Triptych = BEETHOVEN: Piano Trio in E-flat Major, Op. 70, No. 2; BRAHMS: Piano Trio No. 3 in C minor, Op. 101; BOLCOLM: Piano Trio (2014) – Delphi Trio – MSR MS 1674, 68:50 (11/14/18) [Distr. by Albany] ****:
The Delphi Trio formed while the principals – Liana Berube, violin; Michelle Kwon, cello; and Jeffrey LaDeur, piano – studied at the San Francisco Conservatory of Music and have since garnered a major prize at the 2015 Orlando Concours in the Netherlands. The appearance of William Balcolm’s 2014 Piano Trio pays homage to the ensemble’s having given the work’s world premiere. The three trios were recorded at Southern Oregon University, under the supervision of Matt Carr, 19-21 December 2017.
The program opens with Beethoven’s 1808 Piano Trio No. 6 in E-flat Major, the companion-piece to the so-called “Ghost” Trio, Op. 70, No. 1. The music at first assumes an “antique” sound, with the cello’s making a melancholy statement in 4/4, Poco sostenuto, with violin’s entry creating the motion of a ricercare, followed by the keyboard: the pattern of entries will reverse in the recapitulation. The Allegro non troppo, 6/8, bubbles forth in folk style, disclaiming in unison and then by way of imitation. The light, right-hand keyboard textures indicate the dexterity the composer himself possessed for indulgence in chamber music. The string influence of Haydn permeates the Allegretto, a double theme-and-variations, set as a quasi-pompous march capable of rhythmic flexibility. The jaunty C Major tune finds a more tumultuous version of itself in syncopated C minor. The dialogues between violin and cello prove captivating and energetic. The tendency to subdivide the beat adds a pert charm to the procession, inventive and diverse in texture, a true homage to Master Haydn’s sterling example.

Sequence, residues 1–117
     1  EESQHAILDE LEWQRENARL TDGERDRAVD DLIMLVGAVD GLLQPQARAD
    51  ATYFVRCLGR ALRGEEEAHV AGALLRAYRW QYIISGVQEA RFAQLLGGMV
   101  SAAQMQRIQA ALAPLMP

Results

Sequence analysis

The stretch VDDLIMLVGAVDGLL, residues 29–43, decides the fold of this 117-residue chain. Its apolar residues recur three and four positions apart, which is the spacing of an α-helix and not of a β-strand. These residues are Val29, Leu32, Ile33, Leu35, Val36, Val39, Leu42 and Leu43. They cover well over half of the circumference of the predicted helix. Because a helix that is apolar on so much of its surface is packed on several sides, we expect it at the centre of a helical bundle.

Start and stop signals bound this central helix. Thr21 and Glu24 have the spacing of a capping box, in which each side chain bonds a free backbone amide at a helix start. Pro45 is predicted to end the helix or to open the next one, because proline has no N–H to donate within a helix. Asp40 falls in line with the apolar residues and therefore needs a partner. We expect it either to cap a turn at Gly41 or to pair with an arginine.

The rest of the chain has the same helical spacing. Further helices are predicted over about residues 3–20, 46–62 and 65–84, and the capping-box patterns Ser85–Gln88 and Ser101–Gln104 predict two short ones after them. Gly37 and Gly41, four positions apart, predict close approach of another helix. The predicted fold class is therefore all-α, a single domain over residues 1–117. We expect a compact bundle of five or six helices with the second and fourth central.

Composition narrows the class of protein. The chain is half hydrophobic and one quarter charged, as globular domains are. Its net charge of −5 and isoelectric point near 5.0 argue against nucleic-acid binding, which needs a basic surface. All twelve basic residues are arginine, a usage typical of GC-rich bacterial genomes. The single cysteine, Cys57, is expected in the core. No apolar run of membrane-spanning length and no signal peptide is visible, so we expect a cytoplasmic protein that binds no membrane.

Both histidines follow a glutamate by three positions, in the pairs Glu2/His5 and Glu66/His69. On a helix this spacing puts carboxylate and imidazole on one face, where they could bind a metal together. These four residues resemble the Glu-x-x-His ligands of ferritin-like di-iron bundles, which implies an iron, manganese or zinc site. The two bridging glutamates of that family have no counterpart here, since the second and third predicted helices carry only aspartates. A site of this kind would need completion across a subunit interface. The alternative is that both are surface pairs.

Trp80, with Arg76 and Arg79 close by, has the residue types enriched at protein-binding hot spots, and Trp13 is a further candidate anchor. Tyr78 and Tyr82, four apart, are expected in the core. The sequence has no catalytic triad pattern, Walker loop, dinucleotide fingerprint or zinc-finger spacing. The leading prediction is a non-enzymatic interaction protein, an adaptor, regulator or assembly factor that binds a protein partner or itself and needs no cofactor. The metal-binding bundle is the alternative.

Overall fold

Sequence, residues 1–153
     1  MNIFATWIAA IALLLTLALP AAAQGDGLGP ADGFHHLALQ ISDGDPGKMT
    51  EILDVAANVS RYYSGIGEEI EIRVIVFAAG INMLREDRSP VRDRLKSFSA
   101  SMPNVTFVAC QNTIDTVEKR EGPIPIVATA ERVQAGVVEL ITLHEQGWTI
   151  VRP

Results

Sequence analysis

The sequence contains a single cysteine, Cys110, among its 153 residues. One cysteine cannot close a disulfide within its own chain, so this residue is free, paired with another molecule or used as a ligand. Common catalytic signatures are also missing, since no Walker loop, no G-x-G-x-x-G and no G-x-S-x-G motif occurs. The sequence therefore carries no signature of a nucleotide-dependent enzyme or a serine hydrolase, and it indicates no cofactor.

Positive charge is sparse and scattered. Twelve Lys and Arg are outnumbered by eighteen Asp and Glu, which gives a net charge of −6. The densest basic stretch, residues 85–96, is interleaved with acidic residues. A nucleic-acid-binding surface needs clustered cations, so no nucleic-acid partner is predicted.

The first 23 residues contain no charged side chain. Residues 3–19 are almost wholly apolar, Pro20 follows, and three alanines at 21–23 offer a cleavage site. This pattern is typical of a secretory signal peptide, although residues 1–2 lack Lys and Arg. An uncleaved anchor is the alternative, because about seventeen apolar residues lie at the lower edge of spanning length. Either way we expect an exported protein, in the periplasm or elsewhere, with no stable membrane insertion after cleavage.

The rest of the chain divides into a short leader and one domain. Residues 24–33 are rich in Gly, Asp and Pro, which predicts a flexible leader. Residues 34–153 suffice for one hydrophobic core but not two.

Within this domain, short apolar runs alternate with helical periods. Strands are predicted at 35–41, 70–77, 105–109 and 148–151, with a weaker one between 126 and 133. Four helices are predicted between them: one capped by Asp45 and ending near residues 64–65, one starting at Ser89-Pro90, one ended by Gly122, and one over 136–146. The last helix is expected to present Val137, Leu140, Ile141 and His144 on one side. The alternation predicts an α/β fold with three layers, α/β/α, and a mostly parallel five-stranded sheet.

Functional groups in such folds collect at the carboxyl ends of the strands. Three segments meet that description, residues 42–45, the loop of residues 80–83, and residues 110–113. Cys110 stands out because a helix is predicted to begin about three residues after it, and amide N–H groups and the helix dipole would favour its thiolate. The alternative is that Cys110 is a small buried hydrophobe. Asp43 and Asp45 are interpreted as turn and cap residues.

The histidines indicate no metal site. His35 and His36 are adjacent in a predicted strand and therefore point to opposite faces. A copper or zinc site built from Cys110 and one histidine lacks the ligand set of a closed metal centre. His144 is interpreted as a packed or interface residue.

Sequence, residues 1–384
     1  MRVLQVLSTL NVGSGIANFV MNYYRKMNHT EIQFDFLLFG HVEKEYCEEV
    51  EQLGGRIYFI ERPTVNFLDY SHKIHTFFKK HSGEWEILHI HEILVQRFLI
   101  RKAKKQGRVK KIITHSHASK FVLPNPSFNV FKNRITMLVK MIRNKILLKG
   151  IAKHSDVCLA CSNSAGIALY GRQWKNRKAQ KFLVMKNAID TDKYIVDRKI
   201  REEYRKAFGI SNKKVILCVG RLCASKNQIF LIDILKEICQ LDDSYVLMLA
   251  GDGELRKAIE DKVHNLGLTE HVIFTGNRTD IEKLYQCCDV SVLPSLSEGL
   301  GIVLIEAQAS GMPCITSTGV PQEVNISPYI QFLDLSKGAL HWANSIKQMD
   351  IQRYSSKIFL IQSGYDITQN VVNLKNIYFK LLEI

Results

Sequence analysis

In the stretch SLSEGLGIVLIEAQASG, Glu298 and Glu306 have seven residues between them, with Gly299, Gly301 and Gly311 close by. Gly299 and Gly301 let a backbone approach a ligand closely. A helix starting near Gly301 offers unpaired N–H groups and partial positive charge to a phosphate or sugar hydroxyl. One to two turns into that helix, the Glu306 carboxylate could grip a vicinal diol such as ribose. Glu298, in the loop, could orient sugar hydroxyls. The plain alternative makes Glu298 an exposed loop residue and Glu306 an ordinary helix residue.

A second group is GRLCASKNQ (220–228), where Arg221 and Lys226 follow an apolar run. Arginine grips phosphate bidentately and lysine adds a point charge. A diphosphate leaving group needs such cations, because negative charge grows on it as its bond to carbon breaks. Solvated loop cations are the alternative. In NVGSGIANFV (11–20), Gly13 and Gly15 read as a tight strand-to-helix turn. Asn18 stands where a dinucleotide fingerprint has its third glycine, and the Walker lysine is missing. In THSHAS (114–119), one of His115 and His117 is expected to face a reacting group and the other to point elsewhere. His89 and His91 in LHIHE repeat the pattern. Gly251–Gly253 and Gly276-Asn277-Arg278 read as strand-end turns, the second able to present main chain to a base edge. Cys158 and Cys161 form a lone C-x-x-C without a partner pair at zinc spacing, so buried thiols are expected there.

The ensuing Allegretto non troppo suggests a Minuet and Trio, set in A-flat Major and spinning out a luxuriant melody that has much of an operatic aria about it. Some passing chromaticism marks the movement into the dark Trio, the strings in antiphons over running arpeggios in the piano. The “antique” feeling reminds us of the opening of the work. The last movement, Allegro in high spirits, affords each member of Delphi a cadenza or virtuoso passage to spotlight his particular contribution before rejoining the ensemble. Beethoven has withheld the piano part’s capacity for heroic dominance – in his favorite E-flat modality – so that now, in the development, the music assumes the power of a moto perpetuo with accompanied fanfares. The soaring beauty and expressive facility of the Delphi realization bring me fondly back to my earliest encounter with this masterwork as rendered by Heifetz, Piatagorsky, and Pennario.